Pate v. State

Decision Date27 March 2012
Docket NumberNo. A11A1731.,A11A1731.
Citation12 FCDR 1295,726 S.E.2d 691,315 Ga.App. 205
PartiesPATE v. The STATE.
CourtGeorgia Court of Appeals


Mark J. Issa, Jonathon J. Majeske, Ashutosh S. Joshi, appellant.

Daniel J. Porter, Dist. Atty., John A. Warr, Asst. Dist. Atty., for appellee.

DOYLE, Presiding Judge.

After a jury trial, the Gwinnett County Superior Court convicted Brandon Pate of statutory rape,1 aggravated assault with a deadly weapon,2 and possession of a knife during the commission of the felony of statutory rape.3 Pate appeals, arguing that the trial court erred by (1) admitting hearsay testimony; (2) replacing a juror without cause; (3) admitting bad character evidence; (4) violating his Sixth Amendment right to confront the victim about her accusations; (5) closing the courtroom during testimony by two State witnesses; and (6) admitting prejudicial testimony concerning harassment of the victim, which was unrelated to the charged crimes. For the reasons that follow, we affirm.

On appeal from a criminal conviction, the evidence must be viewed in the light most favorable to the verdict, and the [Defendant] no longer enjoys the presumption of innocence; moreover, an appellate court does not weigh the evidence or determine witness credibility but only determines whether the evidence is sufficient under the standard of Jackson v. Virginia.[4 Conflicts in the testimony of the witnesses, including the State's witnesses, are a matter of credibility for the jury to resolve. As long as there is some competent evidence, even though contradicted, to support each fact necessary to make out the State's case, the jury's verdict will be upheld.5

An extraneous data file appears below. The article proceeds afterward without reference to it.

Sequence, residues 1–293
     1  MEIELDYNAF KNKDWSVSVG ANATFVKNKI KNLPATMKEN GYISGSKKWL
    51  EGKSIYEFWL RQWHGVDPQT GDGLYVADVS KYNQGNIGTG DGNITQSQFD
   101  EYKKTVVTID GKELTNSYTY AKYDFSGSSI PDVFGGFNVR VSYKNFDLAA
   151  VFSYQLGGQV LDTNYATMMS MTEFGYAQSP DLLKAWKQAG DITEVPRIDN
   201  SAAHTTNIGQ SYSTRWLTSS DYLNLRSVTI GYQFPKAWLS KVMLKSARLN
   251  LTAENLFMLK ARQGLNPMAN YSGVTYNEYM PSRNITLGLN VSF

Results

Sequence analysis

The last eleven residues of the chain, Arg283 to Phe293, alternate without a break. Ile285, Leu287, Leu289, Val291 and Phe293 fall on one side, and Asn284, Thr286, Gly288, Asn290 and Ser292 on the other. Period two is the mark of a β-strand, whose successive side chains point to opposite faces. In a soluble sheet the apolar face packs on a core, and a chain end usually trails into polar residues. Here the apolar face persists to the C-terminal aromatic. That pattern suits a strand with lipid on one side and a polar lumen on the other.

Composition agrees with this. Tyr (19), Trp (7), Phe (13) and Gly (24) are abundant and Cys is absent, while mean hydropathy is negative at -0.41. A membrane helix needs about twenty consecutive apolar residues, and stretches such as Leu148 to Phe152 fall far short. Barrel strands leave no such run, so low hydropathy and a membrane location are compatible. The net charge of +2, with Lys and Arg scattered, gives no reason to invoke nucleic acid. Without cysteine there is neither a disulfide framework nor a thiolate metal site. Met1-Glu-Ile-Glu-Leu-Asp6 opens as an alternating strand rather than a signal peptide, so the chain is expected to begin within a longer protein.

So viewed, the record establishes that in December 2008, the victim, M.R., reported that two years earlier in late December 2006 or early January 2007, Pate entered her bedroom, demanded sexual intercourse, produced a knife, and threatened to injure M.R.'s father if she refused his demand. M.R.'s friend, Kaila, was a guest at M.R.'s home that night, and she corroborated M.R.'s testimony that Pate possessed a knife and demanded sex. Kaila also testified that she witnessed M.R. and Pate have sexual intercourse that night.

In addition to M.R. and Kaila, the State presented the testimony of Dylan Toves, who testified that M.R. disclosed the sexual assault to him in the fall of 2007, prior to her December 2008 outcry, and Officer T.D. Roach, who initially investigated the outcry M.R. made in December 2008.

The State presented the similar transaction testimony of M.K., who testified that she was dating Pate in 2007, and on April 26 of that year, he came to her house, where she was alone. M.K. testified that Pate began getting rough and forced her to have sex. Although he did not have a weapon, he threatened to kill her father if she told anyone. M.K. did not report the incident to law enforcement, but she later told a friend and then her parents. M.K. testified that she did not know the victim or Kaila prior to her appearance in court that day.

The jury convicted Pate of statutory rape and the related aggravated assault and possession of a knife during the commission of the felony, but acquitted him of rape, two counts of child molestation, two counts of burglary, one count of aggravated assault with the intent to rape, terroristic threats, and two counts of cruelty to children in the third degree. Pate filed a motion for new trial, which he later moved to dismiss. The trial court granted the motion to dismiss, and Pate filed this appeal of his conviction.6

1. Pate first argues that the trial court erred by allowing prior consistent statements made by M.R. to Toves and Officer Roach, which statements amounted to inadmissible hearsay that improperly bolstered M.R.'s testimony.